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Alameda's Secret Backdoor Discovered Months Prior to FTX Collapse: Report | FTX Sam Bankman-Fried (SBF)

FTX employees in the US reportedly found a hidden backdoor favoring Alameda Research months before FTX's collapse.

In a recent development surrounding the trial of Sam Bankman-Fried, co-founder and former CEO of FTX, it has been revealed that certain employees based in the United States discovered a hidden backdoor allegedly used by Alameda Research to siphon billions of dollars in customer funds from FTX. This discovery was made six months prior to the downfall of the crypto exchange.

The individual who uncovered this secret backdoor on behalf of Alameda was promptly fired by FTX's top management. According to the Wall Street Journal, some employees of FTX who were previously working for LedgerX, which was acquired by FTX in October 2021 and later purchased by Miami International Holdings in 2023, came across evidence of Alameda's preferential treatment in May 2022. They found that Alameda could maintain a negative balance without being subjected to the usual automatic liquidation process.

Upon discovering this issue, the employees reported it to Julie Schoening, the Chief Risk Officer at LedgerX. Schoening, concerned about the alleged preferential treatment, brought the matter to the attention of Zach Dexter, the boss at LedgerX. Dexter, in turn, alerted Nishad Singh, FTX's director of engineering, regarding the auto-liquidation problem.

Singh reportedly removed a section of code in an attempt to resolve the issue, leading Dexter to believe that the problem had been fixed. However, it later became apparent that the issue persisted. Schoening, instead of seeing the problem resolved, was fired from her position in August 2022 following reports of inappropriate messages she had sent to employees.

According to sources cited by the WSJ, Schoening's termination may have been a result of her team's identification of FTX's risk management issues, which apparently "irritated her bosses."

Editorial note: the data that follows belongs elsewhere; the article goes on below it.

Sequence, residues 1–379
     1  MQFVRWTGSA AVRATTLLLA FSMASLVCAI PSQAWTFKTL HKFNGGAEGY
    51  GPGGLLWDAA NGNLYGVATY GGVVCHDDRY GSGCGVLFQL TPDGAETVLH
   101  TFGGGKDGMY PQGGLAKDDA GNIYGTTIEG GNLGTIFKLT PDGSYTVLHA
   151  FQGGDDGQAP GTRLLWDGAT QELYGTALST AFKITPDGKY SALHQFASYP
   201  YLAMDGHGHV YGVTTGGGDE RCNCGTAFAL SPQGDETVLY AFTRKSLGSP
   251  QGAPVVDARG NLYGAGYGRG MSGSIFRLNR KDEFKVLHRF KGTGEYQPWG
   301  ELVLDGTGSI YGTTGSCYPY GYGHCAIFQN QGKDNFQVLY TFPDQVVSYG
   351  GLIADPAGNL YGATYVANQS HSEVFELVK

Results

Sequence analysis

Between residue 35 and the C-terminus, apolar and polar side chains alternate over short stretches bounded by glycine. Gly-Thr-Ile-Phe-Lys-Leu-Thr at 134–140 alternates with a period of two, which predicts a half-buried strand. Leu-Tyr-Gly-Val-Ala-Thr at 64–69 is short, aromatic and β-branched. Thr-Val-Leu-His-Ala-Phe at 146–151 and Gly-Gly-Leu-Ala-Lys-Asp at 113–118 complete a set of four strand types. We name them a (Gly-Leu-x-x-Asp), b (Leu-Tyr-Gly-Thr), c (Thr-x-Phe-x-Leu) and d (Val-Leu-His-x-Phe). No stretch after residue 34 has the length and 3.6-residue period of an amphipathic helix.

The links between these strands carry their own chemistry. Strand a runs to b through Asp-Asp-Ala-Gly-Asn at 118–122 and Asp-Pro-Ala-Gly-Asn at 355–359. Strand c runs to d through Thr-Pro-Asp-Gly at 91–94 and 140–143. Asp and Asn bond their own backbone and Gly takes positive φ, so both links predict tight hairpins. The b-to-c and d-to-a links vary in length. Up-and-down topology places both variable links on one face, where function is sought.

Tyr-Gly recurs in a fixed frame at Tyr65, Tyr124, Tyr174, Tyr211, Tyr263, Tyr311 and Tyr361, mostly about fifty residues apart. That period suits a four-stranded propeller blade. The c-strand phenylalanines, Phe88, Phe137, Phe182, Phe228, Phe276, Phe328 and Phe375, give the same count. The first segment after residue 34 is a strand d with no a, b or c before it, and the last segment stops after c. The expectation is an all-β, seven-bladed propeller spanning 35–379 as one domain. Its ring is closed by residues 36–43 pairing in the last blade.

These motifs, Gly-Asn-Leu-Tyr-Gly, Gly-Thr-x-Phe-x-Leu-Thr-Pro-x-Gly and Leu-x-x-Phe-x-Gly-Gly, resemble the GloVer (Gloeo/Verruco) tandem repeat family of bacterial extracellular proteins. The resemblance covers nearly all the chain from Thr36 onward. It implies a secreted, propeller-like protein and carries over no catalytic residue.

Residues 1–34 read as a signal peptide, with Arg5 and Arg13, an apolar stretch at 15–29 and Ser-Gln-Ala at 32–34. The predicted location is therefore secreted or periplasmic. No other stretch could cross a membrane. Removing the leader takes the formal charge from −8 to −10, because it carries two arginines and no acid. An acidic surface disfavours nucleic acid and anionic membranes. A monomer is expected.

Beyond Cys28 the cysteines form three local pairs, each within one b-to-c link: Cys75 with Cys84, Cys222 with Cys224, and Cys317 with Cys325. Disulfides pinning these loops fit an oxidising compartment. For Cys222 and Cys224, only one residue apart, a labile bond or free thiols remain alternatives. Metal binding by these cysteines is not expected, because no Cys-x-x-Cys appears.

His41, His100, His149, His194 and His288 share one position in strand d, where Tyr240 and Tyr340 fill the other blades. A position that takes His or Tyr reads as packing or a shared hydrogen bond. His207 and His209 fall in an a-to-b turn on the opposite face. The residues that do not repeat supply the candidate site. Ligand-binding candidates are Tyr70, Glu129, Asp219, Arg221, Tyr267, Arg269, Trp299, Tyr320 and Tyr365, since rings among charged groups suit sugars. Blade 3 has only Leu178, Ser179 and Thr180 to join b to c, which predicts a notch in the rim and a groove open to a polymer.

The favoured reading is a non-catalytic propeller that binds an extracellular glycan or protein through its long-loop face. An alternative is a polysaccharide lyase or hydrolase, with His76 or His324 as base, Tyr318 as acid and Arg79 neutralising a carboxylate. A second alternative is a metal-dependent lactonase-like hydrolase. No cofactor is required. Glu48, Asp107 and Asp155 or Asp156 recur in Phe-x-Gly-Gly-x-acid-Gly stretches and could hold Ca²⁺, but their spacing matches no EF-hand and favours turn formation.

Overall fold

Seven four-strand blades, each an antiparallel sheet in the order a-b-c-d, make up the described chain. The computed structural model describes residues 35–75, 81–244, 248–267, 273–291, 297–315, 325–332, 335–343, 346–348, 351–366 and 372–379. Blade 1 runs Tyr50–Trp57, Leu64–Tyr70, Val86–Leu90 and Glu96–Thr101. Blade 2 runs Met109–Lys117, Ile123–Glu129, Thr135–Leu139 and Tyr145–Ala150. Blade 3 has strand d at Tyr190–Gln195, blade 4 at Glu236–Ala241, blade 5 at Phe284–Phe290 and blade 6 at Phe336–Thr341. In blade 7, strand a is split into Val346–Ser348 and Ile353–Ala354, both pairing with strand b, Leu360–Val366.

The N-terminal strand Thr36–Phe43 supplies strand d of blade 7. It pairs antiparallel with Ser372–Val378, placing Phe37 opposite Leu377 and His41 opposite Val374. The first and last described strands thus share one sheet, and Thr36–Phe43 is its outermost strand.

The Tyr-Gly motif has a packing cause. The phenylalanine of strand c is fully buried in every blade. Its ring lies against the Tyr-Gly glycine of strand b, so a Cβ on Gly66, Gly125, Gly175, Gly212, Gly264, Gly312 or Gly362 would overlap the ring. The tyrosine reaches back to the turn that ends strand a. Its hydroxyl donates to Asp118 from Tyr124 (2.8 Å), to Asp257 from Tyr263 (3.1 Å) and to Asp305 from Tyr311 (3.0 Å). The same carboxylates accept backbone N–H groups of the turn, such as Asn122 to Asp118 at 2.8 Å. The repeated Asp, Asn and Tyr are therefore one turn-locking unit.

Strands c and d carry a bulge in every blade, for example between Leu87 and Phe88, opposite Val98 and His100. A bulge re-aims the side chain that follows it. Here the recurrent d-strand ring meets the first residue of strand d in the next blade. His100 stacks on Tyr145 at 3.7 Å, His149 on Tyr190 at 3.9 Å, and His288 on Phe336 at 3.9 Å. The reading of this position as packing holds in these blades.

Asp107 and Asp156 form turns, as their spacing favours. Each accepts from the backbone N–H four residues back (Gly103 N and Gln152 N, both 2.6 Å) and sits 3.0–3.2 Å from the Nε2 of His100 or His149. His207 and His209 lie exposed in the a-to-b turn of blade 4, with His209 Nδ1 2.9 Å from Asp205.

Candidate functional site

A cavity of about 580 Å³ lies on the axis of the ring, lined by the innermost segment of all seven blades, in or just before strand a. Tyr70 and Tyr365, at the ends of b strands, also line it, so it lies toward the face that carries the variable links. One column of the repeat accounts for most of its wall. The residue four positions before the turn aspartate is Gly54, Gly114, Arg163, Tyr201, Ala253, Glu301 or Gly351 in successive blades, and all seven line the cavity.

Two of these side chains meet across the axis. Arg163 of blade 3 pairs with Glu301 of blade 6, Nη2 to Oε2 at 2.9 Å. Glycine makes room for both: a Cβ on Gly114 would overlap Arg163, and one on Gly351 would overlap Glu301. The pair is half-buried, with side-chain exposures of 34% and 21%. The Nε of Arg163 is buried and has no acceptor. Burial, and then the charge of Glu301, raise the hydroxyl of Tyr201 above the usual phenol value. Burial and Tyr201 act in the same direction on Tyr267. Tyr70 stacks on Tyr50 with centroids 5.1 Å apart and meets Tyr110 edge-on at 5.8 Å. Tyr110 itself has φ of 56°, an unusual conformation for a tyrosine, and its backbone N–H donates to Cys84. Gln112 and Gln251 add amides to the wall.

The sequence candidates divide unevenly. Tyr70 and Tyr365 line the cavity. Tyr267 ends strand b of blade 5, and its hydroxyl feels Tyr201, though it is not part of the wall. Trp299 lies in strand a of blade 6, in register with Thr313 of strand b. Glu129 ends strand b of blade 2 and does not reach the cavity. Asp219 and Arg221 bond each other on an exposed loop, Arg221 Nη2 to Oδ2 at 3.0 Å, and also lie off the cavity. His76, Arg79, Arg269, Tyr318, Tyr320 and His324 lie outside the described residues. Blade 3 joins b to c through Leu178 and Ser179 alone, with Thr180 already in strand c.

Miami International Holdings, the parent company of LedgerX, conducted an internal investigation and stated that there was no evidence to suggest that any of its employees were aware of the reported code that allowed Alameda to access FTX customer assets. They firmly denied any allegations to the contrary.

Following her termination, the fired LedgerX executive threatened to sue FTX. Anonymous sources claim that a $5 million settlement deal was reached between the two parties, but the collapse of the crypto exchange in November 2022 prevented the completion of the settlement.

The discovery of Alameda's secret backdoor is one of the cases being brought against Sam Bankman-Fried in his ongoing trial. Bankman-Fried, currently facing criminal charges, is being tried in New York. Recently, the prosecution's first witness, an FTX customer named Marc-Antoine Julliard, testified against Bankman-Fried in court, stating that he lost $100,000 on the bankrupt FTX. The defense, however, argues that users should be held accountable for their choice to buy and hold crypto and maintains that Bankman-Fried did not defraud anyone.

In conclusion, the revelation of Alameda's secret backdoor months before FTX's collapse adds another layer of complexity to the ongoing trial of Sam Bankman-Fried. The involvement of FTX employees, the termination of Julie Schoening, and the legal battles surrounding the termination and settlement further contribute to the intricacies of this case. As the trial continues, more details are expected to emerge, shedding light on the alleged misconduct within the crypto exchange industry.

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